• Pursuing self-sufficiency – the approach of Senegal, our case study, and many other countries – may not be a viable solution, as climate change impacts may also affect domestic food production. In this sense, access to trade can be a source of adaptive capacity.
  • Risk diversification can help countries reduce their food systems’ vulnerability to climate change. Relevant strategies include balancing food imports – particularly of staples such as cereals – with domestic production, and maintaining a diverse array of domestically grown crops to provide alternative food sources in the event of a staple crop failure.
  • Adaptation strategies that make sense for individual countries, such as restricting exports during food crises, may exacerbate risks at the global level. It is thus essential to increase research and policy dialogue on how trade policies can help build climate resilience, with an emphasis on food security in vulnerable, import-dependent countries.


  • Import-dependent countries should aim to diversify their sources of risk by balancing imports with domestic production, where suitable. This requires investments in the whole food value chain – from farming and harvesting, to processing and marketing of domestic produce.
  • Despite the political importance of price stability for staple crops such as rice, the focus should not be exclusively given to any one crop; “lock-in” to single crops may exacerbate climate change vulnerability for import-dependent countries.
  • Diversifying agriculture and diets – for example, by improving the competitiveness of locally produced alternative staples – should also be seen as elements of a robust climate change adaptation strategy to maintain food price stability. Food diversification may also bring benefits in terms of nutrition security and enhanced coping capacity for households.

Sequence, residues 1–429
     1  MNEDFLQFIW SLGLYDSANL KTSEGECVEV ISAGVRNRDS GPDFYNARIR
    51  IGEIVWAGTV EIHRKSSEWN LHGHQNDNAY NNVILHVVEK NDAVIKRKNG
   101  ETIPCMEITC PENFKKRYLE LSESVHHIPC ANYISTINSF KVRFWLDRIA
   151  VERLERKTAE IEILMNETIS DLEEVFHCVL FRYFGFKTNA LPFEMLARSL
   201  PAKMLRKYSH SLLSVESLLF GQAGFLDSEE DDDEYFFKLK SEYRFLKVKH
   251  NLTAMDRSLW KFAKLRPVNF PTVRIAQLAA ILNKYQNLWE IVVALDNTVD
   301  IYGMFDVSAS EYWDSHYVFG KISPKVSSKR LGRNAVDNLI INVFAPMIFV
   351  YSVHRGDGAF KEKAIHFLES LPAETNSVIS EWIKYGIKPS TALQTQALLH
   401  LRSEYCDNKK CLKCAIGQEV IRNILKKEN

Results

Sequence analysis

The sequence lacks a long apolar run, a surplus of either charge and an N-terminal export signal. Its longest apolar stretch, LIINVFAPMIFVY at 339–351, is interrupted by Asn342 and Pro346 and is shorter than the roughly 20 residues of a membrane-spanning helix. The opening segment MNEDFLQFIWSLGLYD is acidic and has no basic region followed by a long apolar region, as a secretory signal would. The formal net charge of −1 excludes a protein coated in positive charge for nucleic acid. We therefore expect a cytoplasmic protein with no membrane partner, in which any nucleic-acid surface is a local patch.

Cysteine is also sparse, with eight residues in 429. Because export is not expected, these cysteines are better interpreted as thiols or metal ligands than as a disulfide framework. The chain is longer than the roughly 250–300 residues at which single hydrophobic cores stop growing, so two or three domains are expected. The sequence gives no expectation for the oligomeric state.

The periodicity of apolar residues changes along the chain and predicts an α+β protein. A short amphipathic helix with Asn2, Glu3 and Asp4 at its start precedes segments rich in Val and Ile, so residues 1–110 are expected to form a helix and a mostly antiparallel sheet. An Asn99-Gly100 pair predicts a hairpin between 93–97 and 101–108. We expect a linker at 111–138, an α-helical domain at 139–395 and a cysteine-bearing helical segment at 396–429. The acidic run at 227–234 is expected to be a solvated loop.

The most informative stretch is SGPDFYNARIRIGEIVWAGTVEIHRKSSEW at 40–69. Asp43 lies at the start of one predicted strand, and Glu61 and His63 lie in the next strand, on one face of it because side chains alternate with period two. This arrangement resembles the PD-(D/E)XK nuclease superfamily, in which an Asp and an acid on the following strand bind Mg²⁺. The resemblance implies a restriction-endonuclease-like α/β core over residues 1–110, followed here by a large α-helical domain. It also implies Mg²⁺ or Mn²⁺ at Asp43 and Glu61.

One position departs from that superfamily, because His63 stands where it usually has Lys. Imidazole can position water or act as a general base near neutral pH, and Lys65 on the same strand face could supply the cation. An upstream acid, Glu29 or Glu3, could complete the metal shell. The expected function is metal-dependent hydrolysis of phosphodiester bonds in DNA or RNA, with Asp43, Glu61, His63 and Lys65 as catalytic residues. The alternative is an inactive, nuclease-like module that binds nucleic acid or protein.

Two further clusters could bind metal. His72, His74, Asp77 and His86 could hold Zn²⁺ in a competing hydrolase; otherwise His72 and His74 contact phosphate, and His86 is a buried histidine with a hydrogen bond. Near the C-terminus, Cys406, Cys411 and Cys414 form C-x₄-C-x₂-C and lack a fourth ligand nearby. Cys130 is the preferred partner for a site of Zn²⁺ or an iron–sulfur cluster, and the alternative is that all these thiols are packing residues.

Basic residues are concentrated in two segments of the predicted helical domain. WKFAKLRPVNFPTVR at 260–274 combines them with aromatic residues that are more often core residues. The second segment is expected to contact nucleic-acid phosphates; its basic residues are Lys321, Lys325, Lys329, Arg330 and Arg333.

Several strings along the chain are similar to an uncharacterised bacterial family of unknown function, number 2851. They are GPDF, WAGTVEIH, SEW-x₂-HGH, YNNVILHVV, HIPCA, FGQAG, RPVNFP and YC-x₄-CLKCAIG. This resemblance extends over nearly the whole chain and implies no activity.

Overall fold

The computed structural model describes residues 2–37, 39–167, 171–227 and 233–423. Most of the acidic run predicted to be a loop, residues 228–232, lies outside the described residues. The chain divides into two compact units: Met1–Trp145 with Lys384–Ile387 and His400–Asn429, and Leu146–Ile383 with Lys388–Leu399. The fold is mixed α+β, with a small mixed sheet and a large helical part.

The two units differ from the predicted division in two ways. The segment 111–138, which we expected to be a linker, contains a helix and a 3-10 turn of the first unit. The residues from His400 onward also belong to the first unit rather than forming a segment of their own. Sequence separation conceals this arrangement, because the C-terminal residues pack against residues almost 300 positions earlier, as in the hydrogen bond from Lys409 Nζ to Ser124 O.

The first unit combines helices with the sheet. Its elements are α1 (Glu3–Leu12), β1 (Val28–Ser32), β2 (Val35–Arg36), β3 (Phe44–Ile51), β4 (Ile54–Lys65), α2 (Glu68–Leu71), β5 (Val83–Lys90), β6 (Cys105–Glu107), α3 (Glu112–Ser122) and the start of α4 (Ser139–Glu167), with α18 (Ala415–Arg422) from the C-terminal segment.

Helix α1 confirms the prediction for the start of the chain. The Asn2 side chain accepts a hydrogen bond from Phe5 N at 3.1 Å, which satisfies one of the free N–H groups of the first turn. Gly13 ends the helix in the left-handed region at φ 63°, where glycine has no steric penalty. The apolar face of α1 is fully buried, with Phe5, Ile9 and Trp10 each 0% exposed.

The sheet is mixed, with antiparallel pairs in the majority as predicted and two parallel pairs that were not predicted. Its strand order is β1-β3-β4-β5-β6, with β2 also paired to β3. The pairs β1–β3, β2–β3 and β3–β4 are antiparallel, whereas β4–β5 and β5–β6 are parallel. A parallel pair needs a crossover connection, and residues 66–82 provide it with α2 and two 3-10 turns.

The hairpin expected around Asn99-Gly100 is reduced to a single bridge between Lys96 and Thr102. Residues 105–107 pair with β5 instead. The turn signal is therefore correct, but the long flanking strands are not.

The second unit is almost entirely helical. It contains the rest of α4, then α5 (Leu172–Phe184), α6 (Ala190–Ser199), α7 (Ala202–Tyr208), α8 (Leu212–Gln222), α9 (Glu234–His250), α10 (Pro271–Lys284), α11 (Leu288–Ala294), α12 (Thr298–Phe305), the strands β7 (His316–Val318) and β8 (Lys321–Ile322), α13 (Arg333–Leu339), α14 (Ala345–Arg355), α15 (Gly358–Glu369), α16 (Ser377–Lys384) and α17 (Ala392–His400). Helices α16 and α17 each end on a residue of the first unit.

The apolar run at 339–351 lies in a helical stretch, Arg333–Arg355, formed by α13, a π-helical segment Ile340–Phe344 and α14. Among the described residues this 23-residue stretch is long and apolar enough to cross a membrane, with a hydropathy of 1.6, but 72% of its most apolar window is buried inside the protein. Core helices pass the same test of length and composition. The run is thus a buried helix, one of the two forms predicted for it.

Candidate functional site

• Donors can play an important role in assisting countries to reduce their vulnerability to food price shocks, such as by investing in storage facilities and crop research. However, public finance can only go so far. Governments must seize opportunities to leverage private finance and private-sector participation, including, potentially, via climate finance mechanisms, particularly in the development of food supply chains.
  • A much greater emphasis on trade and adaptation issues is needed in the global debate on climate change, including under the United Nations Framework Convention on Climate Change (UNFCCC), and in climate-related research. The Adaptation Committee should consider how to appropriately raise trade policy concerns, especially on behalf of LDCs, at the UNFCCC as well as the specific role of international institutions for adaptation related to trade.
  • Given the low likelihood of achieving progress on trade-related issues at the UNFCCC, however, and the complexity and strategic interests that are at stake in agricultural trade negotiations, it is important to intensify research and policy dialogue on the role of trade dependence in climate vulnerability.